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David Frenette’s book The Path of Centering Prayer reenergized the Centering Prayer tradition with its fresh insights and teachings. Centering Prayer Meditations: Effortless Contemplation to Deepen Your Experience of God is a wonderful companion audio program created to be equally rewarding as a stand-alone guide – gives listeners an immersive resource to learn contemplative prayer, step by step and in the moment. With clarity and compassionate presence, Frenette explains the essential principles of this contemplative practice for both new and seasoned practitioners.
I use a Prayer Rope after each Centering Prayer Sit.
Centering Prayer is a silent prayer practice that can move you toward a profound relationship with the Spirit of God within. It is a way of praying that opens the door to the Divine Indwelling—the ground of our being. With Centering Prayer, Father Thomas Keating and his colleagues Gail Fitzpatrick-Hopler and Father Carl Arico present the first online course in this method for deepening your intimacy with God and ultimately consenting to the presence and action of the Divine in all aspects of your life.
The early Christians, teaches the Reverend Cynthia Bourgeault, were afire with the spirit of Jesus, inspired fully by his teaching of a total transformation of consciousness. How do we reclaim that fire today? On Encountering the Wisdom Jesus, this brilliant author and dynamic Episcopalian priest presents her first full-length audio course about rediscovering the Master of Wisdom. Twelve immersive sessions cover: the parables as wisdom tools; Jesus’s teachings about kenosis (or self-emptying: a path as radical today as it was 2,000 years ago); Jesus as tantric master; Centering Prayer, an approach to meditation as Jesus lived it, and much more. (Based upon her book, The Wisdom Jesus.)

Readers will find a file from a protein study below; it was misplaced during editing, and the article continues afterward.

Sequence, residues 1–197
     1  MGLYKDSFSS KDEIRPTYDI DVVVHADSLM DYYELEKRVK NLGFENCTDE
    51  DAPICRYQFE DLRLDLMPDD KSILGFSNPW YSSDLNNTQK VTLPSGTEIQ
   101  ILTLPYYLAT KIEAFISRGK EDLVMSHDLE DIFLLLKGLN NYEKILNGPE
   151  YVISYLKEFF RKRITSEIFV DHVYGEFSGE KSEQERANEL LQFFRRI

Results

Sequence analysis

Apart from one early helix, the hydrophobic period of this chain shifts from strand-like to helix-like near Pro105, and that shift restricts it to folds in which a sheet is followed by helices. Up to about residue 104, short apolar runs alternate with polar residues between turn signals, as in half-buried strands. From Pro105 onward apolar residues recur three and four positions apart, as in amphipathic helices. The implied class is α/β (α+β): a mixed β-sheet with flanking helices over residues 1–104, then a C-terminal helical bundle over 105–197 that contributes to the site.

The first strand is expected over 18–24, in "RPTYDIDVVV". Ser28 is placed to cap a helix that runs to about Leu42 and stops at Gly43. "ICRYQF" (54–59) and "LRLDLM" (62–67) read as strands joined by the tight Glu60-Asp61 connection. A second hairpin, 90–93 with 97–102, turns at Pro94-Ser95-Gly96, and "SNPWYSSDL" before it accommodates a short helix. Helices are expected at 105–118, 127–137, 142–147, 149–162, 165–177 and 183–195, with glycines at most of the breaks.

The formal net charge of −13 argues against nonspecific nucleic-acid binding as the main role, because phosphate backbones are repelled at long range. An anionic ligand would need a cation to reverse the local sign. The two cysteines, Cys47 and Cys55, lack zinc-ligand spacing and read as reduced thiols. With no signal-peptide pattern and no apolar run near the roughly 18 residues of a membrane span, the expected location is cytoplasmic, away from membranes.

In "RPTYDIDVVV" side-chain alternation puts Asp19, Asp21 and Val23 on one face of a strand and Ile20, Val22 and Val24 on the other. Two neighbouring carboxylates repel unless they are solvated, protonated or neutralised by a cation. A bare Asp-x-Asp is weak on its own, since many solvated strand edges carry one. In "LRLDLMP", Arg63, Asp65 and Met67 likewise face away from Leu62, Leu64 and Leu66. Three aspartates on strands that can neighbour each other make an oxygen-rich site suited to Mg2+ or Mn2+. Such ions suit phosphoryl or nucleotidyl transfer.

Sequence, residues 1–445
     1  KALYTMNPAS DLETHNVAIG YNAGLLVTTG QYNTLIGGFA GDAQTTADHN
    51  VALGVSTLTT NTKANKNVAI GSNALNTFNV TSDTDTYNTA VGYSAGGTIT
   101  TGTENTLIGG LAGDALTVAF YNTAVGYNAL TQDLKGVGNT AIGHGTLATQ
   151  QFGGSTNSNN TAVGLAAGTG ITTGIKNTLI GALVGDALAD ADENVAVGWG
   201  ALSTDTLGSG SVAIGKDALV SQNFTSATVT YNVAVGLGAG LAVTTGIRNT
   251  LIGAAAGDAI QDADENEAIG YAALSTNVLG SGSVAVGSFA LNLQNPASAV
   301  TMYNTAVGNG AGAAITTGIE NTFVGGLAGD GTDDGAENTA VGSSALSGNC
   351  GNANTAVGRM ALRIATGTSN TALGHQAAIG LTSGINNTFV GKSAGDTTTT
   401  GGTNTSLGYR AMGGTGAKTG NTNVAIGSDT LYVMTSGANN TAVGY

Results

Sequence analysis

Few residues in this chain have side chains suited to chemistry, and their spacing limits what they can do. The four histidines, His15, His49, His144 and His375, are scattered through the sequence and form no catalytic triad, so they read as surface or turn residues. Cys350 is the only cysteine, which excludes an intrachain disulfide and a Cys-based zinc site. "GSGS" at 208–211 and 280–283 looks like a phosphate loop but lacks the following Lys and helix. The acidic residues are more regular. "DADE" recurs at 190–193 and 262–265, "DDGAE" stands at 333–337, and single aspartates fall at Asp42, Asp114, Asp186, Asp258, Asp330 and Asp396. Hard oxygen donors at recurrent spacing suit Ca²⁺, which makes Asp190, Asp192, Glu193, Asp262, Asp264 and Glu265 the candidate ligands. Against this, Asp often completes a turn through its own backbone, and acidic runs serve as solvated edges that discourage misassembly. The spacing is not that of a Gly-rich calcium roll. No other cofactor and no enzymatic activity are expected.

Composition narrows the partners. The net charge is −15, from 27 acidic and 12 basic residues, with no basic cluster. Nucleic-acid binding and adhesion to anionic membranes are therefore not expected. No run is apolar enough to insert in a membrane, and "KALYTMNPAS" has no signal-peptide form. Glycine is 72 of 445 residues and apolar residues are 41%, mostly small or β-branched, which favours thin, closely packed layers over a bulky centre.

Since the time of the Desert Fathers in the third century, Finley begins, Christian mystics have practiced meditation as a way of opening to the direct presence of God in daily life. Legendary seekers such as Saint John of the Cross, Saint Teresa of Avila, and Meister Eckhart explored how meditation can lead us beyond the closed horizon of the ego, to an interior and holy refuge that is always available to us. On Christian Meditation, James Finley offers a gentle introduction to this all-transforming way of life, and the ever-deepening realization of oneness with Christ it leads us to. (Based upon his book, Christian Meditation.)
Check out my review of Christian Prayer Methods by Dr. Philip St. Romain.
Prepare to be immersed in the 1st Century A.D. context of the life, work, teachings, and actions of Jesus. Check out Simply Jesus by N. T. Wright. Enjoy an article I wrote about one of the lectures on the Beatitudes.
Contemplative Light is a group of Spiritual Directors and writers. They offer a unique style of contemplative coaching based on the teachings and traditions of Christian Mysticism. Sign up for a Spiritual Map Session.